I'm still in school for programming, with about two semesters left, but I've learned so much that I didn't know before, that even Treehouse couldn't elaborate on. Having an instructor there to ask questions in person is fantastic. Another upside of attending such a technical college is that the networking opportunities are massive. I have contacts ranging from front-end developers, to law enforcement, experienced back-end developers, people from all walks of life. We're all attending this program to learn about programming, and even if they're coming from a tree-cutting business to try to learn how to make programs, and know absolutely nothing, they can still learn.
So why do I bring that up? Why would people that are trying to become programmers, but probably don't know as much as you (I'm implying that since you're on treehouse, you probably know a fair bit more than a lot of people there) be beneficial to you at all? Well, besides what I said above about networking opportunities, they can also be your rubber duckies. Teach them, help them out, explain your code. You'll both benefit from this, you'll see your issues quicker, and they might have useful input as well. The best way to get better at programming is by doing it, and this (at least in my case) gives encouragement to do it more.
So there's my story. I hope it's coherent enough to understand, I'm not really proofreading as I'm going. You seem a little bit unsure, and it's completely understandable. Another big concern for me (probably for you as well) was price. Community college is so much cheaper than attending a university. If I was in your position, I'd see if there are any quality offerings from community/technical schools in your area. Go meet the professors, ask them their experience in the field. Ask them what you'll be doing, what you'll learn that you don't already know. Make your decisions from there.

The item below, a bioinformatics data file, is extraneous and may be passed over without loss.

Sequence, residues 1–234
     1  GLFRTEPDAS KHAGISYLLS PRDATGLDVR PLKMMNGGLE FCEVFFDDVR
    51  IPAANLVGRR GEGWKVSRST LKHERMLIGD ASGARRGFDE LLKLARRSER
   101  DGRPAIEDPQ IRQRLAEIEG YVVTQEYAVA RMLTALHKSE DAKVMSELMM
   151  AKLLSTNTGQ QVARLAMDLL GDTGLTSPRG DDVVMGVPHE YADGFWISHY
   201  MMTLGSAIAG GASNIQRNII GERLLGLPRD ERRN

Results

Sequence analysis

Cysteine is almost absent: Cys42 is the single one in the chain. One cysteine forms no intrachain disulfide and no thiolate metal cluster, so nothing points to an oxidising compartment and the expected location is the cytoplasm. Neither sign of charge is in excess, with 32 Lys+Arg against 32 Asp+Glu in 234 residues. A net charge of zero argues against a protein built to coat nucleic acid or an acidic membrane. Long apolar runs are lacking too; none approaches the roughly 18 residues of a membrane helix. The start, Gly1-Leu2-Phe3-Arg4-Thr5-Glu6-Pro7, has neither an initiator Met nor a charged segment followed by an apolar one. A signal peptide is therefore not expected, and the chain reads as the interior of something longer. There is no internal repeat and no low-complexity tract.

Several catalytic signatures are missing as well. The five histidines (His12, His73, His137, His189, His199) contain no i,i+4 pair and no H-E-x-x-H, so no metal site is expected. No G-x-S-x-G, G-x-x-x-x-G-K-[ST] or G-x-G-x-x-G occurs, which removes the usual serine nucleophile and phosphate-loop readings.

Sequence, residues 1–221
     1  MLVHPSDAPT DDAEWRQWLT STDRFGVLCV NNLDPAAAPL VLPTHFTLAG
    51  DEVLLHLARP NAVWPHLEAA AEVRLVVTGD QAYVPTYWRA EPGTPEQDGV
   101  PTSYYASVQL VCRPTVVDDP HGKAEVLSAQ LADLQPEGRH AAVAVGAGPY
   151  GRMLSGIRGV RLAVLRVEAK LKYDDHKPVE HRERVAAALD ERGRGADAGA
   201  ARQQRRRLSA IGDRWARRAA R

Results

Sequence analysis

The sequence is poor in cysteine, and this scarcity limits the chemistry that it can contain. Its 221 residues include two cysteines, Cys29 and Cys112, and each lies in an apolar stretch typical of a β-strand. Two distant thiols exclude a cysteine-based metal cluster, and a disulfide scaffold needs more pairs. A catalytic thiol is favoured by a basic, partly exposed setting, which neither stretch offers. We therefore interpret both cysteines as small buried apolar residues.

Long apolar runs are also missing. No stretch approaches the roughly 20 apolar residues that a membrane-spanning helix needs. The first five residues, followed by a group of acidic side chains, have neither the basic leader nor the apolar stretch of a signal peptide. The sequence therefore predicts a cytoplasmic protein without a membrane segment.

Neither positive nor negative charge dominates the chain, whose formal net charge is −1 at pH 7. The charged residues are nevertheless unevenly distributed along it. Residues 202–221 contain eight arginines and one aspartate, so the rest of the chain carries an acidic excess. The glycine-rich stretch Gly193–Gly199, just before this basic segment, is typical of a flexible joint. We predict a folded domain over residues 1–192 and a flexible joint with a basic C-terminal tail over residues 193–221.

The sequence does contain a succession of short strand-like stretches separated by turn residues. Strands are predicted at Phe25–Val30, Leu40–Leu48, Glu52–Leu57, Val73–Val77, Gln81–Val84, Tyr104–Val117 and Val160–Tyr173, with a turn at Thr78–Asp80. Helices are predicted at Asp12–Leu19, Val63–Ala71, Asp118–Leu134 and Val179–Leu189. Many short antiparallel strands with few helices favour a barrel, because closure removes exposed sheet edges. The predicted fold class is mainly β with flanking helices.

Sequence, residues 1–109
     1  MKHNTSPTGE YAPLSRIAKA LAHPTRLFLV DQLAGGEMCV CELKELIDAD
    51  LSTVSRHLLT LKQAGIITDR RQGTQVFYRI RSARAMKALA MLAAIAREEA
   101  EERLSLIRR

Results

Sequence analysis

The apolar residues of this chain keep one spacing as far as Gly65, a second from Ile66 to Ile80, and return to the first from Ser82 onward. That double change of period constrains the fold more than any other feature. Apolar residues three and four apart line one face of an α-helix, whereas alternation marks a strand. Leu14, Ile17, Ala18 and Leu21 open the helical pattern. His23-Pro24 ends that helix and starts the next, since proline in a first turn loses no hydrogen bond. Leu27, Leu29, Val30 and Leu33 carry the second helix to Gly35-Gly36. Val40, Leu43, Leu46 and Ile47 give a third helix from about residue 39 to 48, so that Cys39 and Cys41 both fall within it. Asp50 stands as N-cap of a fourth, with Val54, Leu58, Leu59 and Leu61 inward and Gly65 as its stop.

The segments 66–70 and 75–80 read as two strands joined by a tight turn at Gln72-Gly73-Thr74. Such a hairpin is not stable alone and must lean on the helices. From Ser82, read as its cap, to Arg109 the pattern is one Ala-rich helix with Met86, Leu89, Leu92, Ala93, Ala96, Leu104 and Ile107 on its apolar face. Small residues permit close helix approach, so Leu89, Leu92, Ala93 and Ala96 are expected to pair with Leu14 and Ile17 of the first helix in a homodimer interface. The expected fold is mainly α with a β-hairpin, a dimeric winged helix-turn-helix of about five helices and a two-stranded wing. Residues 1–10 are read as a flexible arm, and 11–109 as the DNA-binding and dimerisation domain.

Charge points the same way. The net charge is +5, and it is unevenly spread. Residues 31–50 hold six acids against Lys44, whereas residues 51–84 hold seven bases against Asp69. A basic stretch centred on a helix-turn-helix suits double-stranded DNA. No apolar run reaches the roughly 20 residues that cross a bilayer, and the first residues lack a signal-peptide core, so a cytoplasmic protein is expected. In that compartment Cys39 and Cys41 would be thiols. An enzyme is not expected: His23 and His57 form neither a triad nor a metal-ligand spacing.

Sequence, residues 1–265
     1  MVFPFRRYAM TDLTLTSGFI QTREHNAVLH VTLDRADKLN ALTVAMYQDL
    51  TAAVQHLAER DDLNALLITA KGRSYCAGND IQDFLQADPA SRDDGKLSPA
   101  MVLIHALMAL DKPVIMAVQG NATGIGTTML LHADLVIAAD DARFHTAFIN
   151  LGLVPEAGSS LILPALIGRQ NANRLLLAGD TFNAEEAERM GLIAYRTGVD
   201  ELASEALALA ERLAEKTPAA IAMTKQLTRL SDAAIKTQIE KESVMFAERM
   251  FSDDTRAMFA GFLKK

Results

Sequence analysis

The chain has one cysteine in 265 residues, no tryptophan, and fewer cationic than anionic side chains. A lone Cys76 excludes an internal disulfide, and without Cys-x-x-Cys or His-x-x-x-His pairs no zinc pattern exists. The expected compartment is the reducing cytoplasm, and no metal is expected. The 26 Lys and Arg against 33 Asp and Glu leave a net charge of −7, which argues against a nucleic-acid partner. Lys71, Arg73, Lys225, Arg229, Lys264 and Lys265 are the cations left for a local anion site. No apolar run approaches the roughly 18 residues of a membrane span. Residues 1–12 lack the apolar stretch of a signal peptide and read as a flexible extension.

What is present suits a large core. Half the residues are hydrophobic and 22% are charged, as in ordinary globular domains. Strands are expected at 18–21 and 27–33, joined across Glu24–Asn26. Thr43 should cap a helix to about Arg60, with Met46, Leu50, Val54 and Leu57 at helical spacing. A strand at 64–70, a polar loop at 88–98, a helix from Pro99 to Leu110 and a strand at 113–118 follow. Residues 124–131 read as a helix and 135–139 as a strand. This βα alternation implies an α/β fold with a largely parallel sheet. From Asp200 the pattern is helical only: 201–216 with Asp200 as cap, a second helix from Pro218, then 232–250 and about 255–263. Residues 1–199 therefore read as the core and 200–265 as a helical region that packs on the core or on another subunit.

Another thing, computer science is such a massive field, look in to subsets of it. Or, if you don't want to do that, try to do things that are relevant to your interest. Do you garden? Make an Arduino water your plants for you. Make something to improve your quality of life. Make a door opener. It's fun, you'll learn more, and it's something cool to show your friends.
Carrie Brown6,127 Points
I definitely recommend going to college. You learn a lot of non-technical skills that are important for entering the professional world. These include writing, public speaking, working in a team, and more. If you don't want to major in computer science, there are other tech-related options. Many colleges offer degrees in business information systems and computer information systems; these degrees focus more on general IT skills that would pair well with a career as a software developer. They're good degrees, and usually not nearly as math-intensive as computer science./engineering. Finally, I suggest going to the website of a college you're interested in and taking a look at the curriculum for some of the degree programs and seeing if any interest you. You could also probably visit a college in-person and talk to an adviser about what program would be right for you.
Allison Walker17,137 Points
Well, to say you're interested in coding but don't want to study computer science is like saying you want to be a musician but don't want to take music classes. If coding is your interest, you should take courses that require coding - and the obvious choice is Computer Science, especially if you're good at it. There are other fields that require coding and math - for instance, electrical engineering. Don't make your life too hard yet!
If you want to "create", create. Find your medium, whatever it is. If you choose to create in code, great! College is a great place to explore your interests. Try taking a few classes in fields outside of your major. You can take art or design electives, like photography, drawing, or sculpture. You can minor in something creative, which some people do, or minor in something that complements your major, like EE. You may even find that you like something else more than coding. You can be a mad scientist, if you want - just re-invent what it means to you. Good luck!